Greetings, SBT Readers!
Given the pandemic, is a Lenten "fast" the appropriate way to keep Lent? This question has surfaced in a number of publications, with the consensus being that finding life-giving activities may be more appropriate right now than depriving ourselves of the joys of life. This line of thinking corresponds to Is 58:1-9a, last Friday's first reading, in which the prophet Isaiah claims that God has no interest in sackcloth and ashes, but in this kind of a fast:
"Releasing those bound unjustly,
Untying the thongs of the yoke;
Setting free the oppressed,
Breaking every yoke;
Sharing your bread with the hungry,
Sheltering the oppressed and the homeless;
Clothing the naked when you see them,
and not turning your back on your own."
Perhaps the challenge for each of us is to find ways of implementing these corporal works of mercy from the confines of our own homes. Who are the imprisoned, the hungry, the oppressed, the naked, and the homeless whose lives we can touch even as we practice social distancing? Who are the friends and kin -- our "own"-- who need support at this time? Who are the people we encounter virtually or in-person who are bound by limitation, negativity, depression, and lack of hope?
How can our light break forth like the dawn in a season of darkness? What is the fast that will bring us closer to our God?
The Spirit drove Jesus out into the desert,
and he remained in the desert for forty days,
tempted by Satan. He was among wild beasts,
and the angels ministered to him.
After John had been arrested, Jesus came to Galilee proclaiming the gospel of God:
“This is the time of fulfillment. The kingdom of God is at hand. Repent and believe in the gospel.”
Mk 1: 12-15
“At once, the Spirit drove Jesus into the desert.” The verb “drove” is significant. Following his Baptism, Jesus immediately headed to the desert, no doubt to process the meaning of what he experienced when he surfaced from the waters of the Jordan River. Mark describes a heavenly vision, the descent of the Spirit “like a dove” and that amazing voice from heaven: “You are my beloved Son; with you I am well pleased” (Mk 1:11). All this, of course, is to express the ineffable – that is, to try to convey that which is beyond words. Whatever happened to Jesus was so profound that words completely break down; Mark, writing some forty years after the event, tries to communicate what he has learned from stories circulating in the fledgling Christian community, using words and images that suggest a Theophany experience. There is no way of knowing what Jesus actually saw or heard, but all the evangelists describe the descent of the Spirit in similar terms – as a momentous happening that forever changed Jesus’ sense of self, mission, and purpose.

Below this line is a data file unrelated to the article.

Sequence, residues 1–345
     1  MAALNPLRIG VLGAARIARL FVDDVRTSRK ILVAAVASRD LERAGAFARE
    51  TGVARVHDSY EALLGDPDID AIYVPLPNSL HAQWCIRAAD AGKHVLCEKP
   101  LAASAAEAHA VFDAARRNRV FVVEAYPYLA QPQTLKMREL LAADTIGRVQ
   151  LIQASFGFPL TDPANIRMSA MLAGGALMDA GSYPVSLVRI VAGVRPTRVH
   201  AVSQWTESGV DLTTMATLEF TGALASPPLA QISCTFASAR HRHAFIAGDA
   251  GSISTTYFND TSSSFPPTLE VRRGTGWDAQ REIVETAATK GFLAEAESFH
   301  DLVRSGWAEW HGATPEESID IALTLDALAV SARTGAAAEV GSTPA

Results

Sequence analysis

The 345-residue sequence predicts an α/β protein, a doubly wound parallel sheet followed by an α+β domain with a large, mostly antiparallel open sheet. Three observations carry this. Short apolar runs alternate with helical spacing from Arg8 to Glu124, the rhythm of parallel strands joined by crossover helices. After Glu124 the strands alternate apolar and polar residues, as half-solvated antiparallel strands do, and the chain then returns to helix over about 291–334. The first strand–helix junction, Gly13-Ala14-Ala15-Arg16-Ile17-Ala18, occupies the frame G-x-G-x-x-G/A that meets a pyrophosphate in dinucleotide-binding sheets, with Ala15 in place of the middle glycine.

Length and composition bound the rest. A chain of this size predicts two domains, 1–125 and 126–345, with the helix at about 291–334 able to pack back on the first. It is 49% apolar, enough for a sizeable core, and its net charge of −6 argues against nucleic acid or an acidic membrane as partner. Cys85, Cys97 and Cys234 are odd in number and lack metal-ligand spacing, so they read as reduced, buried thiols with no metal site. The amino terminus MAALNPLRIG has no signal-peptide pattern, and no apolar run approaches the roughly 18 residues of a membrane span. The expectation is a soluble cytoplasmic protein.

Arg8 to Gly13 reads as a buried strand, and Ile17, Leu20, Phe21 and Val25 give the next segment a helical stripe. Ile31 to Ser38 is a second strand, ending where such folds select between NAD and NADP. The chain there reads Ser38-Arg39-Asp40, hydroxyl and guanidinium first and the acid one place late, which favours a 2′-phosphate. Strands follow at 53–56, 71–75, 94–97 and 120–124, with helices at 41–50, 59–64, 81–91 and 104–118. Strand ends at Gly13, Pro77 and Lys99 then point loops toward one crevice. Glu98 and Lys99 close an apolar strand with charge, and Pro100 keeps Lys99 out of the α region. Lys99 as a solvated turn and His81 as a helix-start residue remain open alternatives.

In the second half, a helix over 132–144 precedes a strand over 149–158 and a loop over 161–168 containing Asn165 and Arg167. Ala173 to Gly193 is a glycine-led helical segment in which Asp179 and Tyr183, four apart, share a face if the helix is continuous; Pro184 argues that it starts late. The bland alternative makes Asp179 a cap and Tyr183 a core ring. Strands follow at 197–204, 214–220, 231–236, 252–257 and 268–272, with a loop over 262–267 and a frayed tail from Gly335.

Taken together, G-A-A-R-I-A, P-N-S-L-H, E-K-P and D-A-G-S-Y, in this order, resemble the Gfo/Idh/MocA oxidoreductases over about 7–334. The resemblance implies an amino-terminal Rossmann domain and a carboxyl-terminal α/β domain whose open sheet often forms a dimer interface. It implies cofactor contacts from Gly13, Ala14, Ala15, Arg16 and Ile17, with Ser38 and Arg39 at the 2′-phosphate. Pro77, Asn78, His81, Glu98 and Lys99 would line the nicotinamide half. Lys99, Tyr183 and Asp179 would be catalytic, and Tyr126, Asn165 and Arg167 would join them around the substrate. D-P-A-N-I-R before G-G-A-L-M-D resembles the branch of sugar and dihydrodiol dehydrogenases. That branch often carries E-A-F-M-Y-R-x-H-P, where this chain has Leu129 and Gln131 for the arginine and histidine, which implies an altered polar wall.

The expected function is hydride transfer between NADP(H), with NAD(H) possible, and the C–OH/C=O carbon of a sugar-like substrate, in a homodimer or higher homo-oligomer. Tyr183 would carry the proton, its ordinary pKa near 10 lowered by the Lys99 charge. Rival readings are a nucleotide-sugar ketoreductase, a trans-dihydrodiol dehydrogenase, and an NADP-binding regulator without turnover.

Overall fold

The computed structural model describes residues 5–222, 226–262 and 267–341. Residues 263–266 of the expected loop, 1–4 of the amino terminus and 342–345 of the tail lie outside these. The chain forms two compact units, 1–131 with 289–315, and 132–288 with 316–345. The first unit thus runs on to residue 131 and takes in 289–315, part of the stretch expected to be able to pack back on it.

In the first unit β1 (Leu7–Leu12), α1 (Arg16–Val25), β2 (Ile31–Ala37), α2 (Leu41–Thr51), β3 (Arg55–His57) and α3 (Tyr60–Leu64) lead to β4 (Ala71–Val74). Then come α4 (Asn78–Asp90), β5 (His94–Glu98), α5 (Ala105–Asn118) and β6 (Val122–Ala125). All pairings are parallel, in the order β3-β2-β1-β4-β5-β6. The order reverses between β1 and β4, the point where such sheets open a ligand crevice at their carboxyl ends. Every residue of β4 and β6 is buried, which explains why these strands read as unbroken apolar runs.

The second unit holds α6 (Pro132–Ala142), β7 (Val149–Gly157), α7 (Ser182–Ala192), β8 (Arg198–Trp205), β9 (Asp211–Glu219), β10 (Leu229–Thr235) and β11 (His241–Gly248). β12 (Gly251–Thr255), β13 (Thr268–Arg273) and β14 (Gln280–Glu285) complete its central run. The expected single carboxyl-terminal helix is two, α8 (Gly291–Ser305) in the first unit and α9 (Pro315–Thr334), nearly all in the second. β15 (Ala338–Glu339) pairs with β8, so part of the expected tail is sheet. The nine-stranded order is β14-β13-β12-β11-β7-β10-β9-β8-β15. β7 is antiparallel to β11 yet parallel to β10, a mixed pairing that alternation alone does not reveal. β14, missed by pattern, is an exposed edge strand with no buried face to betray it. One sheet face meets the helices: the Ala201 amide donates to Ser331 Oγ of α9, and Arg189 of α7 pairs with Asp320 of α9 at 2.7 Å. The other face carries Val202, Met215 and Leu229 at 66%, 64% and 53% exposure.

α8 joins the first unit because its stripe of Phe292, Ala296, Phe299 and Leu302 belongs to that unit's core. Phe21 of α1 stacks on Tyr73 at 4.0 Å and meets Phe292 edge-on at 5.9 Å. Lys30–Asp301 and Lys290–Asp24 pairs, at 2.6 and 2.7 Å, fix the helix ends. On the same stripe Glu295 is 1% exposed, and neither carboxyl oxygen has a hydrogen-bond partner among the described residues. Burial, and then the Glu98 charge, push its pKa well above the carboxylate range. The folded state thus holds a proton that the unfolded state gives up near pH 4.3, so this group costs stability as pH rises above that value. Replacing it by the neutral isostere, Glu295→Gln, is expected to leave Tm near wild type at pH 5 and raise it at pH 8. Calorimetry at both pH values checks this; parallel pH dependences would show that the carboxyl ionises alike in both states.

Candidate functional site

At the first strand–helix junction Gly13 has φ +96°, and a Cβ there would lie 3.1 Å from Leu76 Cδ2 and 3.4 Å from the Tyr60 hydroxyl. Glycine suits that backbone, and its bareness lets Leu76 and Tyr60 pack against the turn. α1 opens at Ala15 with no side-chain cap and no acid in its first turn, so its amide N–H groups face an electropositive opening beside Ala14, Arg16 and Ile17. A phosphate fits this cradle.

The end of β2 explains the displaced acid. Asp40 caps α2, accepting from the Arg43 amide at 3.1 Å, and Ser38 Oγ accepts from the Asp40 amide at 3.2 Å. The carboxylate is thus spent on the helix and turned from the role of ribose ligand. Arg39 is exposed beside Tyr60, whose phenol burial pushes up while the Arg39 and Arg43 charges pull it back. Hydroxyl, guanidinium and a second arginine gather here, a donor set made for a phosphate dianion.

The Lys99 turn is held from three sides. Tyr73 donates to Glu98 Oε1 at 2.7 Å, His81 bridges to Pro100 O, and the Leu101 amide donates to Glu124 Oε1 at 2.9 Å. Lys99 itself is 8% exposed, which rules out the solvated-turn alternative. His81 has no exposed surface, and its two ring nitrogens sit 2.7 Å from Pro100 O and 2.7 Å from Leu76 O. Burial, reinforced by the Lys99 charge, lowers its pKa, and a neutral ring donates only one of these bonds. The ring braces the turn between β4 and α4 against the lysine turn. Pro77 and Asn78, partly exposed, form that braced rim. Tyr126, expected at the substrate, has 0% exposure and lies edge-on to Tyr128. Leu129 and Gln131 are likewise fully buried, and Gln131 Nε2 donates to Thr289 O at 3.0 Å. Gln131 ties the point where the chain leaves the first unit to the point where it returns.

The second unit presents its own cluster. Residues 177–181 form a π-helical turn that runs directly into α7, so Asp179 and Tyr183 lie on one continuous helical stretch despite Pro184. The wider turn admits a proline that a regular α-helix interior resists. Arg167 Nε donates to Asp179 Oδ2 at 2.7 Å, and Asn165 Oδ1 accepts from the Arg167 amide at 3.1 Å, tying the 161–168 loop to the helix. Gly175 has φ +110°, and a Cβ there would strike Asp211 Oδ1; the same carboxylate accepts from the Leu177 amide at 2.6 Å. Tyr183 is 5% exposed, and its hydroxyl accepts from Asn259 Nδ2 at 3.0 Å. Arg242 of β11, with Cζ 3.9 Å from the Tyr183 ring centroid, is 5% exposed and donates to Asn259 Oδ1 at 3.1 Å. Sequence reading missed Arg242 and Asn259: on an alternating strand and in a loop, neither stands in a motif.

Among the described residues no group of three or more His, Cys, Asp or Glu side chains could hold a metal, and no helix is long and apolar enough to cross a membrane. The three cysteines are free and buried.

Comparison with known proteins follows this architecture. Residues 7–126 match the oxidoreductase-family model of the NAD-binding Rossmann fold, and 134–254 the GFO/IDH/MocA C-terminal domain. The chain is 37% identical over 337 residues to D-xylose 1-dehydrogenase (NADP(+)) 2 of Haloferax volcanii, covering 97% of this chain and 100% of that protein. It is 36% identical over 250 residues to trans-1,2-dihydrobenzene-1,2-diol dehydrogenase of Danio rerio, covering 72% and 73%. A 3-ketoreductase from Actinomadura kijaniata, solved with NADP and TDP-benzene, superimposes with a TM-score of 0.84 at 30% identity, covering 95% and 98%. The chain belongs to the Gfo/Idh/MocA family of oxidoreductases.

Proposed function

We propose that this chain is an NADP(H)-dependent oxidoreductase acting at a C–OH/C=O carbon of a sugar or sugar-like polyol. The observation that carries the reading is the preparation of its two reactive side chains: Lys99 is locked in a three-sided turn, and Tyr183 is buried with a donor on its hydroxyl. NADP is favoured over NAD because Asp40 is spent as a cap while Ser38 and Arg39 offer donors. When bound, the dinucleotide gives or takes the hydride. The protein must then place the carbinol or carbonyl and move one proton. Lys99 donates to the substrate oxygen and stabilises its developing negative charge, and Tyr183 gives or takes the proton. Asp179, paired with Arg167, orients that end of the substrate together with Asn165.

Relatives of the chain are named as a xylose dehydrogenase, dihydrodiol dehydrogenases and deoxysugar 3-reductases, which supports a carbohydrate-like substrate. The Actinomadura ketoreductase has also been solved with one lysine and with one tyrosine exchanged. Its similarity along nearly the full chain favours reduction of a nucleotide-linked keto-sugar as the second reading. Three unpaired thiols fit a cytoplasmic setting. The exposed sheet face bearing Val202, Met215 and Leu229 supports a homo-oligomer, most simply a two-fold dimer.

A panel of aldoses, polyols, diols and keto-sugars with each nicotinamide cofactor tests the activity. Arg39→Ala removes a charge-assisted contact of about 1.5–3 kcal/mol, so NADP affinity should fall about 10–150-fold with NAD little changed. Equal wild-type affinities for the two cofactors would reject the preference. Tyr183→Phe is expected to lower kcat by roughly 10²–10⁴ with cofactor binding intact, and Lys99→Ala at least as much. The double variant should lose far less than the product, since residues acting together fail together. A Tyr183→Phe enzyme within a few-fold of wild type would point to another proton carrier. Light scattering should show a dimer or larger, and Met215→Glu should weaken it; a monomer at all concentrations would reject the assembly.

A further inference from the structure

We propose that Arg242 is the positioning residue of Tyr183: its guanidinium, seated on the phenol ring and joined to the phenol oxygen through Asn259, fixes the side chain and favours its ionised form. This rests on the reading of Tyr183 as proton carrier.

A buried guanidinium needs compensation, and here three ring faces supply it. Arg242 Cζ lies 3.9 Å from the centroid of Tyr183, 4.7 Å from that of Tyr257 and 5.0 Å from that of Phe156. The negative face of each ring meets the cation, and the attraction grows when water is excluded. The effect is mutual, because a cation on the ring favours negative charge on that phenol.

Following this pivotal moment, Jesus retreated to the desert, seeking quiet and solitude, a time to pray, a time to be. The Spirit was his only guide as he sorted through the implications of his Baptism, resisting temptations of the ego and clarifying where God was calling him. This was no mini-retreat or “weekend away,” but 40 days and 40 nights of immersion in the Divine Presence. Just as it rained continuously for 40 days and 40 nights in the days of Noah and just as the Hebrew people took 40 years to reach the Promised Land, so Jesus spent "40 days" in preparation for his ministry. Whenever the number “40” appears in the bible, we know that it means “a long time” of testing, inner change, and transformation; this is why our Lenten season is 40 days and why we, too, need our desert time.
We enter Lent to confront ourselves, our fears, and our deepest longings. Spiritual practices such as fasting may help us along the way, but, ultimately, it is our willingness to enter a process of transformation, guided by the Spirit, that is at the core of Lenten observance. We go into the desert of our own company, embracing quiet and solitude so as to gain new perspective. There, even as we commit ourselves to being "more spiritual," temptation surfaces -- especially the temptation to resist growth, to cling to the old, unhealthy patterns, and to pursue our own desires, unhealthy though they may be. Leaving our "comfort zones" is uncomfortable, especially when God calls us into a deeper intimacy that demands trust, surrender and a letting go of all that stands in the way of our union with the Holy One. Smeared by virtual ashes, are we ready for this journey?